Sandeep Rajan et al.: Int. J. Biopharma Research 2013 02 08 163-170 Page | 169 novel schiff base isatin derivatives. India J Pharm Sci 2010 13: 342-347. 41. Ali MM Jesmin M Sarker MK Salahuddin MS Habib MR Khanam JA Antineoplastic activity of N- salicylidenegly cinatodi- aquanickel II complex against Ehrlich ascites carcinoma EAC cells in mice. Int J Biol Chem Sci 2008 2: 292-298. 42. Ali MM Jesmin M Islam MN Shahriar SMS Habib MR Islam MFet al. Anticancer activities of some transition metal complexesof a schiff base derived from salicylaldehyde and glycine. AsianCoord Group Chem Chem Res Commun 2009 23: 13-22. 43. Raman NJeyamurgan RJoseph J. Anti-inflammatory and antimicrobial studies of biosensitive Knoevenagel condensate β-ketoamide Schiff base and its metal Co II. 44. Jesmin M Ali MM Khanam JA. Antitumor activities of some Schiff bases derived from benzoin salicylaldehyde amino phenol and 2 4-dinitrophenyl hydrozine. Thail J Pharm Sci 2010 34: 20-31. 45. E.M.Hodnett A.W.Wu F.A.French. Eur.J.med.Chem.chem. Ther. 1987 13577. 46. G.G.Mohamed M.M.Omar A.M.M.Hindy Spectrochimica Acta Part A. 2005 62 1140- 1150. 47. M.T.H.Tarafder M.A.Ali D.J.WeeK.Azahari S. Silong and K.A.Crouse. Transition Metal Chemistry. 2000 25456. 48. C.Jovanovski S.Tancera B.Soptrajanov Spectrosc. Lett. 1995 281095. 49. K.A.Biedermann J.R.Landolph Cancer Res. 1990 50 7835. 50. R.A.Anderson. Regul.Toxicol.Pharmacol. 1997 26 525. 51. K.S.Siddiqi R.I.KureshyN.H.Khan S.TabassumS.zaidi Inorg Chem Acta 1988 151 95. 52. D.A. Laidler DJ.Milner. J.Organomet Chem. 1984 270 121-129. 53. N.S.Kozlow G.P.Korotyshova N.G.Rozhkova E.I.Andreeva. Chem Abstr. 1987 106 155955. 54. L.Zhu N.Chen H.Li F.Song X.Zhu. Chem Abstr 2004 141 374026. 55. S.Huneck K.Schreiber H.D.Grimmecke. J Plant Growth Regul 1984 3 75-84. 56. Y.Wang B.LuX.Yu W.Ye S.Wang. Chem Abstr 2002 137 109238. 57. Y.WangX.YuB.LuW.Ye Sheng Chem Abstr. 2002 136 247530. 58. X.Song Z. WangY.Wang Z.Zhang C.ChenChem abstr 2005 143 367252. 59. L.Hadjipalu J.Dimitra A. Athina GeronikakiChem Abstr. 1998 129 148934.b 60. B.De GVS Ramasarma Indian Drugs 1999 36 583.c B.S.Jayashree J. JeraldK. N.Venu Orient J Chem 2004 20 123. 61. Z. Guo R. Xing S. Liu H.YuP. Wang C.Li P.C. Li Bio-or Mrd Chem Letters 2005 15 4600.b K.P.Latha V.P. Vaidya J.KeshavayyaJ Teach Res Chrm 2004 1139. 62. M.Tumer E.Akgun S.Toroglu A.KayraldizL.Donbak. J. Coord.Chem. 2008 61 2935. 63. P.E.Aranha M.P.dos Santos Sandra RomeraE.R.Dockal Polyhedron. 2007 261373. 64. Yohan D.M.Champouret John Fawcett W.J.Nodes K.Singh G.A Solan. Inorg.Chem. 2006 459890. 65. M.Maneiro M.R.Bermejo M.I.FernadezE.G.Forneas A.M.Gonzaley-Noya A.M.Tyryshkin New J.Chem. 2003 27 727. 66. A.MurugkarR.Bendre A.Kumbhar S.PadhyeIndian J. Chem. 1999 38A 977. 67. T.Joseph D.P.SawantC.S.Gopinath S.B.Hallihudi J of Molecular catalysis A: chemical. 2002 184 289. 68. Jianjun Yi X-Huang Wei Zhang X. HongZ.Jing. J.of Natural Gas chemistry. 2003 1298. 69. Nihal Deligonul Mehmet Tiimer TransitionMetal Chemistry 2006 31 920. 70. F.MarchetticC.Pettinari R.Pettinari A.Cingolani D.Lenesi A.Lorenotti Polyhedron. 1999 18 3041. 71. M.Sivasankaran Nair S.Theodore David. J.Indian Chem. Soc. 2000 77220. 72. R.Vijayalakshimi M.Kanthimathi V.Subramanian B.U.Nair. Biochim.Biophys. Acta20001475157 . 73. V.G. Vaidyanathan T.Weyhermuller B.U.NairJ.Subramanian J.Inorg. Biochem.. 2005 992248. 74. S.Dhar M.Nethaji R.Chakravarty. Inorg.Chem. 2006 45 11043. 75. Befta Eur Pat Appl E P. 1985 148120. 76. W.Mennicke Westphal DE Appl.13 Mar1984 Chem Abst 1986 104111359. 77. J.Dehnert W.Juchemann Appl. 15 oct. 1983Chem Abstr. 1985 103 106288. 78. B.L.Kaul GerOffen 3413603 Sandoz-Patent-G.m.b.H 24 Oct 1985. 79. Oxygen detecting agent Jpn. Kokai 6035 260To a Gosei Chemical Industry Co.Ltd 23Feb.1985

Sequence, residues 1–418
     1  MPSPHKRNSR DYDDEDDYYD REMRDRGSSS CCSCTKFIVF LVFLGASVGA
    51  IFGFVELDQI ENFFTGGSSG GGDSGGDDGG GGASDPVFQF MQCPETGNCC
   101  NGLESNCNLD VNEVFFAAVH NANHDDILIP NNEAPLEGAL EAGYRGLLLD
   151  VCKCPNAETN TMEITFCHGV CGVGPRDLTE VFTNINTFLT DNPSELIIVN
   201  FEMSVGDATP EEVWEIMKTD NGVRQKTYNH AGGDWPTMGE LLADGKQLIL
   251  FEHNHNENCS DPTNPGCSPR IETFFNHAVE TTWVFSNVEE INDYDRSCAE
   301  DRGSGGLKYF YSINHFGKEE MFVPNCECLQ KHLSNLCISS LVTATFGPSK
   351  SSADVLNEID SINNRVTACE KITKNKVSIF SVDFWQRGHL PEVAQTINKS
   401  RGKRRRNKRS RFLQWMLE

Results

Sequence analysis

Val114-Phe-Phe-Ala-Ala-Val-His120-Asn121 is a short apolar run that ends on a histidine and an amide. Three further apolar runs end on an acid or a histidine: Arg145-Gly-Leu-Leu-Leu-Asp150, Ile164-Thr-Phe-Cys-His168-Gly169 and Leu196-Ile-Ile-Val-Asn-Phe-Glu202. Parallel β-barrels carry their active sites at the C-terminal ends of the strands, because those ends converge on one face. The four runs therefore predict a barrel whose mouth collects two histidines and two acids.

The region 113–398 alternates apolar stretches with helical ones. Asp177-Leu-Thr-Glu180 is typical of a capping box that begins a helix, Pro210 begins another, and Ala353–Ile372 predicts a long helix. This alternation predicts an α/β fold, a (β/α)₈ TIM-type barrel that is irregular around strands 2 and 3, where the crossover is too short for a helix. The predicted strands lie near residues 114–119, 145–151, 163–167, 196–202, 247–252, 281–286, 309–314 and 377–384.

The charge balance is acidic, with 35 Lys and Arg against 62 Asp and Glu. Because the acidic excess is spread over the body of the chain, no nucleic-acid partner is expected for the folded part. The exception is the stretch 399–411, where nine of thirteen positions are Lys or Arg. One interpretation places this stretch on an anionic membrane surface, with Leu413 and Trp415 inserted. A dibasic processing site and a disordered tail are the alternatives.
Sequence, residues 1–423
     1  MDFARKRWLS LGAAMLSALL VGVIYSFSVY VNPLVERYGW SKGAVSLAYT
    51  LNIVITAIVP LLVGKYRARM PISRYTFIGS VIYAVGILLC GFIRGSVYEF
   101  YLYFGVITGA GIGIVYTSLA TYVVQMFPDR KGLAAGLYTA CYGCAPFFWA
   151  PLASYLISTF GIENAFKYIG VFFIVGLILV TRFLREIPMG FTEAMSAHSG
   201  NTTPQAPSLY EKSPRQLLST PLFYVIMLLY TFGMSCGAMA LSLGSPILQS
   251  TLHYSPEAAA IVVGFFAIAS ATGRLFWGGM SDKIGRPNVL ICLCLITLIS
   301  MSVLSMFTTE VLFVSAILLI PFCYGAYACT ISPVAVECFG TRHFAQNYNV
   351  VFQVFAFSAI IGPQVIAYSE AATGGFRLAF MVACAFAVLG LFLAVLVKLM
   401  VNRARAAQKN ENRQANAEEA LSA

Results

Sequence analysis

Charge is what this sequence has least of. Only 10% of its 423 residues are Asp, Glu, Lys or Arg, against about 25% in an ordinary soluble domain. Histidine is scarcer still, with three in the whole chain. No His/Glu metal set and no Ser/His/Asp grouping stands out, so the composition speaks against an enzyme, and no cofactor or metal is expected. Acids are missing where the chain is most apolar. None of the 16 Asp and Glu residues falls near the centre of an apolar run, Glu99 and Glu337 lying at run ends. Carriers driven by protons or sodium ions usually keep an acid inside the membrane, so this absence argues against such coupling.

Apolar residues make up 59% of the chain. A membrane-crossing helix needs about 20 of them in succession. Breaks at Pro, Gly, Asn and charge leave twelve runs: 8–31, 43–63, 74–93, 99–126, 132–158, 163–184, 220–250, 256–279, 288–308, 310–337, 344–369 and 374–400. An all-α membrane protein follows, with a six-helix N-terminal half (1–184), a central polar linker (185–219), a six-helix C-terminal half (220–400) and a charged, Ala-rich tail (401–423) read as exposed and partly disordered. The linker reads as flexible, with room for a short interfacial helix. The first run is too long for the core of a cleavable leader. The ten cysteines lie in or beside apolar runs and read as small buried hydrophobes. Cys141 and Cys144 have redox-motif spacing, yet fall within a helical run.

slide 8:

Sandeep Rajan et al.: Int. J. Biopharma Research 2013 02 08 163-170 Page | 170 Appl.83/142 557 05 Aug 1983 5PPChem Abstr 1985 103 36420. 80. A.Fakhari Khorrami R.Afshin H.Naeim.Talanta 2005 66 813. 81. R.J.Young G.W.Cooper J Reprod Fertil 1983 691. 82. J.John H.P.Alexander and J.S.Magret Chemistry with LaboratoryHarcout BruceJohanovich 1976pp 63. 83. E.Popora and S.Berova. Bulgarius chemicalabstract vol. 1981 84184. 84. J.Gradinaru A.Forni V.Druta F.Tessore S.Zecchin S.Quici N.Garbalau. Inorg.Chem. 2007 46884. 85. Y.HamadaT.Sano M.Fujita T.FujiiY.Nishio K.Shibata Jpn.J.Appl.Phys. 1993 32 L 511. 86. Y.Hamada T.SanoH.Fujii Y.Nishio H.Takashashi K.Shibta Jpn.J.Appl.Phys. 1996 35 L 1339. 87. T.Kawamoto M.Nishiwaki Y.Tsunekawa K.Nozak T.Konno Inorg.Chem. 2008 47 3095. 88. M.ForbesF.ZillikanG.RobertP.GyogyJ.Am.Chem.Soc. 1985 80 385. 89. J.Tisato F.Refosco F.BandoliCoord.Chem. Rev. 1994 135 325. 90. A.Salvat L.Antonnacci R.H.Fortunato E.Y.SuarezH.M. GodoyJ.App.Microbiol 2001 32293. 91. Z.H.ChohanM.PraveenA.GhaffarSynth.React.Inorg.M et. Org.Chem. 1998 28 1673. 92. P.K.Coughlin S.J.Lippard. J.Am.Chem.Soc. 1984 106 2328. Source of support: Nil Conflict of interest: None Declared

authorStream Live Help